Is Congress out of Touch?

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Wednesday, April 17, 2002
It always makes me wince when I hear someone criticize Congress as "out of touch" with what the people are thinking. I used to hear this complaint several times a day when I was in Congress. Polls consistently show that more than three fifths of the public do not expect their elected officials to be responsive to their thoughts. All of this makes me wince for several reasons. 

In the first place, this is a very longstanding problem, around since the very beginnings of our country. From the birth of our nation down to the present day, some of America's most animated political debates have focused on whether the federal government is in close enough touch with the concerns of the average citizen. 

The Framers of the Constitution fought furiously on this point. One faction, led by Virginia's George Mason, called for a large House of Representatives, so each district would be small enough for "common men" to personally communicate their concerns to House members. They were opposed by the Federalists, who argued that if each member represented more people, the House would more likely act in the national interest. 

In a representative democracy like ours, in which members of Congress are asked not just to pass the nation’s laws but also to represent in Washington the interests of the districts and states they represent, staying in touch with constituents remains a fundamental challenge. Much as we might like it to, this isn’t a problem that will soon be going away. 

Secondly, I know how difficult it is for members of Congress to keep in touch with their huge constituencies. Today, each of the 435 members of the House has a district which averages nearly 650,000 people - a number that the Framers could scarcely have imagined. When the first Congress convened in 1789, each of its 65 House members represented around 60,000 people. In addition, some members cover districts of vast geography, with one House member, for example, representing all of Alaska.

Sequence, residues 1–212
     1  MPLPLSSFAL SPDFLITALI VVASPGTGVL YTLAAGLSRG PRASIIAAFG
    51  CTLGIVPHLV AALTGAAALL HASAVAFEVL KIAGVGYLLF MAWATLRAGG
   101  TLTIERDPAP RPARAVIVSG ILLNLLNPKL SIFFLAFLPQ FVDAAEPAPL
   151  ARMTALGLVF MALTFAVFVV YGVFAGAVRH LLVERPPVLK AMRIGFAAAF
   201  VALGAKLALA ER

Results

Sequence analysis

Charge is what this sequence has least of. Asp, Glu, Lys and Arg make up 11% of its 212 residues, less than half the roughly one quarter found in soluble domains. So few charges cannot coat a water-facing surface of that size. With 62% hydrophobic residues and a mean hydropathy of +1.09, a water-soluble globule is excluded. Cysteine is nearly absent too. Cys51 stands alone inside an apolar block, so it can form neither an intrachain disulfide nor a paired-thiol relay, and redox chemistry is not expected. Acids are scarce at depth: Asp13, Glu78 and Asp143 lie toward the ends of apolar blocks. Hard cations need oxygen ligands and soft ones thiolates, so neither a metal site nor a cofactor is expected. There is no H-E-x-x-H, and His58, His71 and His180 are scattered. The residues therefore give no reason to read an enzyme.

The ability of House members today to stay in touch with their constituencies is vital for the health of our democracy. In our system of government, the House is assigned primary responsibility for understanding and voicing the concerns of the people. That's why the Constitution mandates House elections every two years. If the House falls down in its job as chief citizen-advocate, then the people's faith in the federal government is eroded. 

Third, I know how hard members try to keep in touch. They understand their weighty responsibility, and think about this all the time. It is a constant topic of conversation among members over lunch or as they walk together between meetings — always comparing techniques, always trying to find ways to improve their outreach to constituents. 

Members employ a wide variety of methods to reach out to constituents — sending newsletters district wide, hosting local forums, participating in radio and television call-in shows, attending civic functions and community festivals, using the latest technology for satellite hookups, video conferencing, and live, interactive "virtual town meetings" over the Internet. He or she makes sure that constituents who write, e-mail, fax, or contact their congressman get a letter in response. 

Members also commit an extraordinary amount of time to face-to-face interaction with constituents. A normal day in the office consists of a steady stream of meetings with individuals and organizations that have traveled to the nation's capital or the district office to see their congressman. Those who come calling have an amazing array of concerns, interests, and requests — a reflection of the tremendous diversity and needs of the American population. 

Because House districts now are so populous, even a frenetic pace allows a member to reach only a small portion of his or her constituency. And yet members keep trying to push the envelope on public contact, particularly when they are back home. They do this because handshaking at the county fair and 4th of July parades and other such gatherings is often the only way to have any contact with constituents who are indifferent to politics or are simply too busy in their everyday lives to bother to write or call their congressman. 

Most members of Congress feel a deep sense of obligation to reach out to the public. It is an ongoing challenge for them, and they recognize they simply need to keep working at it. Congressmen have been struggling with this for more than two hundred years, and haven’t yet resolved it. Citizens too need to understand their obligation to make our democratic system function well. They have some responsibility to help their representative not get out of touch by initiating contacts and responding when they can to members’ outreach efforts. It takes the participation and goodwill of all to make our system work. 

(Lee Hamilton is Director of the Center on Congress at Indiana University. He was a member of the U.S. House of Representatives for 34 years.)